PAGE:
Post-Baby Fitness: The Consultation

fitness post new mums

Things that told me I desperately needed to start thinking about my post-partum health and fitness (10 months down the line, so about time):

  1. I ate so many Magnums, and banged on about my Magnum-eating so much on Twitter, Magnum actually sent me a whole box filled with loyal-Magnum-eater chocolate stuff
  2. I almost had a heart attack running to catch my train when pre-baby I would have sprinted up the escalator without even flinching
  3. the baby had started to bury her little hand inside the fat roll at my waist when I was breastfeeding her. An odd sensation, especially when the burrowing goes on for quite a few seconds, as though to say, “hold on, I’m almost there…still going…ok I’m there.”

Very kindly, Graham from Pura Vida Fitness, who is the brother of a good friend of mine, got in touch to say he’d love to help me to get me back on track with regards to fitness and health. I thought that it might interest you all to follow my progress right from the start – and I mean right from the start, because as I write this I am yet to do any proper exercise. I’m building up to it. As soon as I’ve finished this Mint Choc Magnum.


Before starting any kind of fitness regime, Graham was very adamant that we have a full consultation. Now I have to admit that I did something of an internal eye-roll at this (sorry Graham!) because every single time I’ve joined a new gym (many times) or done any kind of fitness trial or journalist event I’ve had to have a consultation. And they’ve all gone pretty much the same way – height, weight, some kind of heart monitoring, a chat about lifestyle… What I didn’t think about, this time, was the fact that a consultation was actually really important; my body has gone through the most monumental change, and not only are my fitness levels rock-bottom, the very structure of my body has altered. Bones have shifted and perhaps not really gone back (I could swear that my pelvis is bigger from knobbly bit to knobbly bit and my ribcage is most definitely wider), muscles in the pelvic floor have been weakened and – most disturbingly – I have a big split down the centre of my abs, something called Rectus Abdominis. *UPDATE: as many have pointed out (thank you!) it’s called Diastasis Recti and not Rectus Abdominis.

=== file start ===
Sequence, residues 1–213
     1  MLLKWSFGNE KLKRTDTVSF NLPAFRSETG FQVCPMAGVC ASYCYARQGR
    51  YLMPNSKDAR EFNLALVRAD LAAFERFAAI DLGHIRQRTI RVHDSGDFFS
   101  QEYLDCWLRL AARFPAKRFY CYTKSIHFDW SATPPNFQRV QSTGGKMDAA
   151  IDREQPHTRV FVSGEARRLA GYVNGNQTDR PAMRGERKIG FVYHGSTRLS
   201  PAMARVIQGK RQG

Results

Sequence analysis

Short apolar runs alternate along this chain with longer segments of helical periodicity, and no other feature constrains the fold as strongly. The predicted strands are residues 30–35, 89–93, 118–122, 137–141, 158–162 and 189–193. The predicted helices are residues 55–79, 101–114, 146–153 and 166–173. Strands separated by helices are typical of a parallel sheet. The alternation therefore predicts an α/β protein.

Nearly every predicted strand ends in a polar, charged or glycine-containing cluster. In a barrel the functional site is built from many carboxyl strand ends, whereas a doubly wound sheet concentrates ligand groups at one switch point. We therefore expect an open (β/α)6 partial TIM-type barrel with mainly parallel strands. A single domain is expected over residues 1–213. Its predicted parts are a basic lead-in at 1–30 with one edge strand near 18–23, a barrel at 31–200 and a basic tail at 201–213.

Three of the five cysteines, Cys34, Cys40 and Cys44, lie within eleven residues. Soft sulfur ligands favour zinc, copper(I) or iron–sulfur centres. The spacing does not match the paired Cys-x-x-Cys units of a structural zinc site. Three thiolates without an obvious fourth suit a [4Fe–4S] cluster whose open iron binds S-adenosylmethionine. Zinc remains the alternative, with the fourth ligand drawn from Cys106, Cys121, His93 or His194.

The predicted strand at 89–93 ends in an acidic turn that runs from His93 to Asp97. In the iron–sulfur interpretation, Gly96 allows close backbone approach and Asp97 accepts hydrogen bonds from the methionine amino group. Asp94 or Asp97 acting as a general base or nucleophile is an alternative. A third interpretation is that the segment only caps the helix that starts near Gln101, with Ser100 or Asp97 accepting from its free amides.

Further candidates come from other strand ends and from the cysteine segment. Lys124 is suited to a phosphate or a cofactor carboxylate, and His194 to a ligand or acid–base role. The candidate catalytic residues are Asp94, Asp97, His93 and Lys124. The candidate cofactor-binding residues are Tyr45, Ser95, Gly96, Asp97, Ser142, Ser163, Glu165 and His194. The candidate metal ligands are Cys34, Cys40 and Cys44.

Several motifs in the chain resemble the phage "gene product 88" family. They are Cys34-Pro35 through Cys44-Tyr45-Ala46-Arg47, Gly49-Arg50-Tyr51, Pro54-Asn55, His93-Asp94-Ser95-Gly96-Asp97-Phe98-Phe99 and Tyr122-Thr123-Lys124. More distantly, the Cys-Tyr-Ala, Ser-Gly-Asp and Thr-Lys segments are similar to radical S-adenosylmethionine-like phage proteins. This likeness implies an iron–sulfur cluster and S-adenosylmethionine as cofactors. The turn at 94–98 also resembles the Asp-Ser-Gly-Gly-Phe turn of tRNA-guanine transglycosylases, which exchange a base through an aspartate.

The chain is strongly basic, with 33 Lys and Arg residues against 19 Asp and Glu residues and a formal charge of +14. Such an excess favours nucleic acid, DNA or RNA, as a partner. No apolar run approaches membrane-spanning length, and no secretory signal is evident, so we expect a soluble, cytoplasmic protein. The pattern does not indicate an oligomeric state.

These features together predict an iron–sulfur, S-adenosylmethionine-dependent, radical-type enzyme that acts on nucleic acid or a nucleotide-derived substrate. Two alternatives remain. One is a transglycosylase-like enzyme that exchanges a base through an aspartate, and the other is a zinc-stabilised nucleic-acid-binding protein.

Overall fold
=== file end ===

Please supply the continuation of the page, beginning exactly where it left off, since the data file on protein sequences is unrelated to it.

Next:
Apparently this splitting of the tummy muscles (vertically, by the way, not horizontally) is very common and happens when your muscles are overstretched during pregnancy. I had no idea that I had it until we checked (you can check yourself – see link below, but back it up with a doctor’s check if you’re not sure) and it wasn’t something that the GP even mentioned when I had my six week post-partum appointment. Which is odd, really, because you can make the split so much worse if you don’t do things properly (lifting, sitting up, even rolling out of bed) and you’d think it would be on their checklist…

If you want to find out more about Diastasis Recti there’s an NHS online pamphlet – it tells you how to check and what to do if you can feel a split. For some reason I can only find the one from NHS Wales online, but it’s the same as my printed one: here it is.

So yes: unbelievably fortunate outcome of the consultation number one, discovering split muscles. Had I not discovered these, I probably would have gone full-pelt into some crazy boxercise-rapid-toning-regime and done myself damage. Fortunate outcome of the consultation number two was that Graham kept stressing the utmost importance of taking my return to fitness really slowly. And I mean really, really, r-e-a-l-l-y slowly. Like, my first two weeks exercises consisting of just very gentle core exercises – no cardio. This is not an approach I’ve experienced before and – again – I wouldn’t have ever thought of taking things slowly and building up core strength before starting anything more strenuous. But it makes sense. Pre-Graham I was all prepped and ready to go jogging or do my 30 Day Shred DVD and get “back in shape” for the summer, but working up slowly seems like a much better idea, not least because I’m incredibly lazy and I like the idea of doing things with a normal heart rate for just a while longer…

Graham set me a list of short exercises to repeat for two weeks – three rounds of each exercise, increasing the duration every day. When I saw the durations I did another internal eye-roll – fifteen seconds? What the hell can you do in fifteen seconds? But here I am, about to embark on my first set of gentle mini-crunches and actually, fifteen seconds suddenly seems like quite a long time…

I shall let you know how I’m getting on after I’ve done my first week. Once I’ve conquered my moves, I’ll post the routine so that you can do them along with me if you fancy. I’ve posted the results of my consultation below just in case you want to have a nose – I’ve just seen that I have a terrible waist-to-hip ratio! I think that’s the first time ever that I’ve been told that. Must be all the Magnums.

Ruth’s Health MOT:

health mot

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You can find Graham at Pura Vida Fitness here – he offers personal coaching with 4, 8 and 12 week programmes and has one of the most sensible and balanced approaches to fitness I think I’ve ever come across!


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